- Mobile Crisis providers are expected to respond to requests for mobile services in 45 minutes or less, for at least 80% of mobile episodes. In SFY 2018, 86.5% of all mobile responses were made within the 45-minute benchmark and the median statewide response time was 30 minutes. This rate has improved markedly since PIC inception.
In collaboration with the CT Clearinghouse at Wheeler Clinic, the PIC has delivered 284 trainings in the first eight years of PIC implementation. 596 Mobile Crisis staff members have been trained, helping to ensure clinicians deliver the highest quality care.
Mobile Crisis Diverts Children from Emergency Departments and is Associated with Reduced School-Based Arrests
- For the second consecutive year, schools have provided the greatest proportion of referrals to Mobile Crisis (44.3% in SFY 2018). Schools frequently use Mobile Crisis as an alternative to calling an ambulance or law enforcement for behavioral health concerns or crises.
- To date, 198 of 206 school districts have signed a Memoranda of Agreement (MOA) with their local Mobile Crisis provider, in accordance with Public Act 13-178.
- Results from a recent study indicated that over a period of 18 months, youth participating in Mobile Crisis have approximately 25% lower use of emergency department services for behavioral health needs than a comparison group. The study was funded by the Children’s Fund of Connecticut, and conducted by UCONN School of Social Work, with support from CHDI, DCF, and Beacon Health Options.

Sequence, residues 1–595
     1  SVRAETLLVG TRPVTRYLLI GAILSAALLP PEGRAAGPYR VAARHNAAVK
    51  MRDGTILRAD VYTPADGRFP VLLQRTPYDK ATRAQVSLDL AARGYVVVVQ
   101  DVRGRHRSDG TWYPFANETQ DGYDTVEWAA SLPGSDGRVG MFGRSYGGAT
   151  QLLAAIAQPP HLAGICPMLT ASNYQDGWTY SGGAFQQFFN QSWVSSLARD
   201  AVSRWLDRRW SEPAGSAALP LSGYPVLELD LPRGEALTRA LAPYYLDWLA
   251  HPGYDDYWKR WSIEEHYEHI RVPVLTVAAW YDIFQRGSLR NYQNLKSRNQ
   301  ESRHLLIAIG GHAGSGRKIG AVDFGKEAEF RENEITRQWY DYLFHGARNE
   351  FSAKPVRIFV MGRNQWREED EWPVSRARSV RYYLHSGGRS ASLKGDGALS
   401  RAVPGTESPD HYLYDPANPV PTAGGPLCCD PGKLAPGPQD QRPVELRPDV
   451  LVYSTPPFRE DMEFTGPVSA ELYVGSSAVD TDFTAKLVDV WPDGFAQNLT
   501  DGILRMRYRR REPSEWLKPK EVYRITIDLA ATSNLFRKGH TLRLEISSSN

Mobile Crisis Improves Outcomes for Children
- 40% of parents report improvement in their child's symptoms following Mobile Crisis Intervention Services, as measured by the Ohio Scales. Note that a primary service of Mobile Crisis is to connect clients to longer term services specific to their needs.
- 88% of parents or guardians reported being satisfied with the service, (61% were extremely satisfied and 27% were moderately satisfied).
- The Ohio Scales are completed by caregivers and clinicians to measure outcomes. Results indicate that children served by Mobile Crisis demonstrate statistically significant decreases in problem severity and increases in functioning.
A Model Program for Other States
Connecticut’s Mobile Crisis program has continued to expand the number of children and families served over the last several years, while demonstrating excellent service quality and outcomes. As states increasingly recognize the value of mobile response services as a critical component of a comprehensive system of care for children with behavioral health needs, Connecticut’s Mobile Crisis service has been recognized as a national exemplary model. For the last several years, the National Technical Assistance Network for Children’s Behavioral Health, with funding from the Substance Abuse and Mental Health Administration (SAMHSA), has invited representatives from Connecticut to provide consultation to other states and communities interested in building or expanding their own mobile response service for children.
This Issue Brief was prepared by Aleece Kelly, Senior Data Analyst at CHDI. For more information on the Mobile Crisis Performance Improvement Center visit www.chdi.org or contact Kellie Randall at (860) 679- 8098 or email@example.com. For more information on Connecticut’s Mobile Crisis Intervention Services, visit www.empsct.org.